Now obviously there's a lot  in the package that is unsavory to everybody, regardless of your political persuasion.  But wasn't one of the loudest chants we heard from critics of the health care law was the process as much as the content?

Corn based ethanol, to say the least, is a questionable fuel.  Currently, the subsidies on it are scheduled to expire on December 31, just as all of the Bush-era tax cuts.

17 Senators have said they should die out.  If they are extended, they will (according to the NY Times) cost taxpayers $31 billion over the next five years.

This is what's going to bring the Great Compromise over the finish line?

House Democrats are seething of course at what they call the capitulation by President Obama.  However, the fact of the matter is, there will be 63 less of them walking the halls of Congress in the next few weeks.  President Obama is keenly aware of this, as he tries to pivot forward and start winning back independents behind his presidency.

Arguments can and have been made all week about how good or bad the deal is.  In this morning's New York Times, columnist Paul Krugman says there's actually a lot in the bill that he does like - however, he accurately reports that the "not-so-bad stuff" that Obama insisted upon putting in the legislation expires a year from now, while extending the more odious tax cuts for the wealthy goes for two more years - not really a great deal.

This has big political implications. Political scientists tell us that voting is much more strongly affected by the economy’s direction in the year or less preceding an election than by how well the nation is doing in some absolute sense.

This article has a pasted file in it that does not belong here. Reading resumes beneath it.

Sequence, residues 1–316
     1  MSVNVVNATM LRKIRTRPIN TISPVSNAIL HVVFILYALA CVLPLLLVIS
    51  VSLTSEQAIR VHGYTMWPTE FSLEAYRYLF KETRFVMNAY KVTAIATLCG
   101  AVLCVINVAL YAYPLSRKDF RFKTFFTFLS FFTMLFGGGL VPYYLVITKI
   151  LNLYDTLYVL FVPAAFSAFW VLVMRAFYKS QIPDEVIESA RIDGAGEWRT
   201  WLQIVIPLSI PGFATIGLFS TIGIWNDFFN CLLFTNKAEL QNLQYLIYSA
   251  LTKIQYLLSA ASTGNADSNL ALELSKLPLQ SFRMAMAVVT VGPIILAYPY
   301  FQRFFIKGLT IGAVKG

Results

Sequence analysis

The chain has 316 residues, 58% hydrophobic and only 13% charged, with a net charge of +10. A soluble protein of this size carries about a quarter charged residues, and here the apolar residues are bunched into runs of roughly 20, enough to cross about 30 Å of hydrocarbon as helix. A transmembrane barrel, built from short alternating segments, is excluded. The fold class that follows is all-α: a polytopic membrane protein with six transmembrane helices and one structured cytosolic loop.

When Ronald Reagan ran for re-election in 1984, the unemployment rate was almost exactly the same as it had been just before the 1980 election — but because the economic trend in 1980 was down while the trend in 1984 was up, an unemployment rate that spelled defeat for Jimmy Carter translated into landslide victory for Reagan.

This political reality makes the tax deal a bad bargain for Democrats. Think of it this way: The deal essentially sets up 2011-2012 to be a repeat of 2009-2010. Once again, there would be initial benefits from the stimulus, and decent growth a year before the election. But as the stimulus faded, growth would tend to stall — and this stall would, once again, come in the months leading up to the election, with seriously negative consequences for Mr. Obama and his party.

Scroll to read more News Feature articles
Join the Creative Loafing Tampa Bay Press Club

Local journalism is information. Information is power. And we believe everyone deserves access to accurate independent coverage of their community and state.
Help us keep this coverage going with a one-time donation or an ongoing membership pledge.

Newsletters

Join Creative Loafing Tampa Bay Newsletters

Subscribe now to get the latest news delivered right to your inbox.

We welcome readers to submit letters regarding articles and content in Creative Loafing Tampa Bay. Letters should be a minimum of 150 words, refer to content that has appeared on Creative Loafing Tampa Bay, and must include the writer's full name, address, and phone number for verification purposes. No attachments will be considered. Writers of letters selected for publication will be notified via email. Letters may be edited and shortened for space.

Email us at [email protected]